Sunday, October 21, 2012

Automated testing (to be or not to be)

Many want to do automated testing. Not many start doing so. Few succeed. The reason why hides in the way we used to do our work and how we assess the performance. We prefer to see the results straight away, on the spot, now. Whereas it takes a while for automation to start paying back. The difference in time and efforts before it starts doing so can be recognized as a waste. In other words you would get an immediate result if you'd manually test your application instead of re-writing map files after UI change. Defects found and removed from the system is what is being scaled against investment in automation that will start paying back in months.

On the other hand, having automated tests saved many projects putting them back on track timely. The beauty of automation is that you so not need to make trade-offs, select regression tests carefully, adjust plans, and  procure more resources if you found that more testing is required. You just run them all (except for the situation when there are too many or your resources are limited).

The dilemma grows even bigger when you project size grows. For big projects this is even more difficult to find resources for automation, the lead time is even longer, however the outcome is usually more tangible. You should have  firm intention, high motivation, and be prepared for a challenge if you want your automation to start paying back one day. Below are simple recommendation for those who started on this path:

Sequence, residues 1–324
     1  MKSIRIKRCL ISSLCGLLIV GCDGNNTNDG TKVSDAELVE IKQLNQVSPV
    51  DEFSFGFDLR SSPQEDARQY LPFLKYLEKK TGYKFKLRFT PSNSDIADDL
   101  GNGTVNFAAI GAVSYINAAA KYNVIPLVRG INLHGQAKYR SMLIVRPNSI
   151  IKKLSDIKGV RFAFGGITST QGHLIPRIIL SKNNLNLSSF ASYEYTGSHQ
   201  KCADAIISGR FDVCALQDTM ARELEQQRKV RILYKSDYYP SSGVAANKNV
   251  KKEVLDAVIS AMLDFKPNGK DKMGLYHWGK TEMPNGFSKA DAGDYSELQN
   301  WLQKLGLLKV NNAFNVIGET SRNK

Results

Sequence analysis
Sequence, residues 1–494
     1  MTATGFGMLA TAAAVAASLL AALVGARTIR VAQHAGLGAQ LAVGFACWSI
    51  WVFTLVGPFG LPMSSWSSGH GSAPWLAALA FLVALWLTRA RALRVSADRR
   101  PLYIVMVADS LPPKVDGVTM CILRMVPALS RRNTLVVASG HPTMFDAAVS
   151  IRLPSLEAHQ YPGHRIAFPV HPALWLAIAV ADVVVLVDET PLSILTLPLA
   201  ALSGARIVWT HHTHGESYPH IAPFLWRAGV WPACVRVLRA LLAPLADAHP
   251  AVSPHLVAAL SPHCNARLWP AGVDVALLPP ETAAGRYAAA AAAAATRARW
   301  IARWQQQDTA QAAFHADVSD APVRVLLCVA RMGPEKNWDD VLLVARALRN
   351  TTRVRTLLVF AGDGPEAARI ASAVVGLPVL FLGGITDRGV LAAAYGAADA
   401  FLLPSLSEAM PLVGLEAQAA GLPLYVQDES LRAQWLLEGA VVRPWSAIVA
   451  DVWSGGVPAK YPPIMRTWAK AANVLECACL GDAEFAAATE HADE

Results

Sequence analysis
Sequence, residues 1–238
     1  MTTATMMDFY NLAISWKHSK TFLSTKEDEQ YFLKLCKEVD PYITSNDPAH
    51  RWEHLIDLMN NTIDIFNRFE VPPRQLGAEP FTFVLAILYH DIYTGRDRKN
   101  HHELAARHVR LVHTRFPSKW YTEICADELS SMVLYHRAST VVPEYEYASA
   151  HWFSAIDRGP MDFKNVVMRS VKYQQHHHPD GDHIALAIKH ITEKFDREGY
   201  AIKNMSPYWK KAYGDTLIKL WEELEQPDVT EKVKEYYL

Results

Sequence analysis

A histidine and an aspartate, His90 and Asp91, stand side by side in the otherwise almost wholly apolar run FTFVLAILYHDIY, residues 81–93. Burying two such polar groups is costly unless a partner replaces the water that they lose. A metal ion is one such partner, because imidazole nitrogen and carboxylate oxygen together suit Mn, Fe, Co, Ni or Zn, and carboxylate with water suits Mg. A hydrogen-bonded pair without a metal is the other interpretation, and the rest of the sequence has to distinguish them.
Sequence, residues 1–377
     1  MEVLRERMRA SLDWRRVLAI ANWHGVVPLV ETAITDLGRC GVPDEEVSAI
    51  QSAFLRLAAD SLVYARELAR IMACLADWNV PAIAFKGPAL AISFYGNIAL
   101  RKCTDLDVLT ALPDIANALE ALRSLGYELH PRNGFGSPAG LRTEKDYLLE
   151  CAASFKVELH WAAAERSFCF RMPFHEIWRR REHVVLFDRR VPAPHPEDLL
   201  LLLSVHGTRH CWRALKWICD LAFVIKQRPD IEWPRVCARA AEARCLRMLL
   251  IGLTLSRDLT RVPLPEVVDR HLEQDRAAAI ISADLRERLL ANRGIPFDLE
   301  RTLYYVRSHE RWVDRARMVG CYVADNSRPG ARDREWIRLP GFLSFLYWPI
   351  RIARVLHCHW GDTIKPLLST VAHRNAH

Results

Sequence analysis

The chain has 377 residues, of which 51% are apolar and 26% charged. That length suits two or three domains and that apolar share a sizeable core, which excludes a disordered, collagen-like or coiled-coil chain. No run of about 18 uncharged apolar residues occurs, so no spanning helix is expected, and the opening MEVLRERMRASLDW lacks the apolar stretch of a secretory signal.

- Get commitment from the management, sell off the idea.
- Set right expectations in stakeholders (automation will start paying back when we reach X% of tests automated; usually about 30 if you start from the most important ones).
- Plan efforts for automation (don't expect people to spend their free time due to pure enthusiasm).
- Stick to the plans, treat automation goals as project goals, equal in the priority.
- Allow enough contingency buffers in your plans, so automation will not suffer just because something happened and your plan does not have any fat to cope with the situation.
- Get skilled hands to work on automation (test automation is more of programming that testing, so make sure people who do it are rather developers).
- Follow best practices in code engineering. It will save you massive efforts in maintenance. Make test code isolated from accessibility functions and GUI maps.
- Run your tests often not to allow them get outdated, so as it is not reasonable to invest in the updating. A test that sits n the shelf a year will unlikely work any more. Now imagine that you have got thousands shelf-ware tests.
- Use data-driven and control-driven approach.
- Involve more people by implementing pseudo-languages (a command driven test with a  language that anyone can easily use to create test sequence; such a sequence drives the test code responding to the commands and data parameters in it).
- Consistently deliver the message that automation is not an immediate ROI. Nonetheless it's got one of the biggest ROI in the software industry.

If you follow this you would save yourself tonnes of nerves.

Good luck!

No comments:

Post a Comment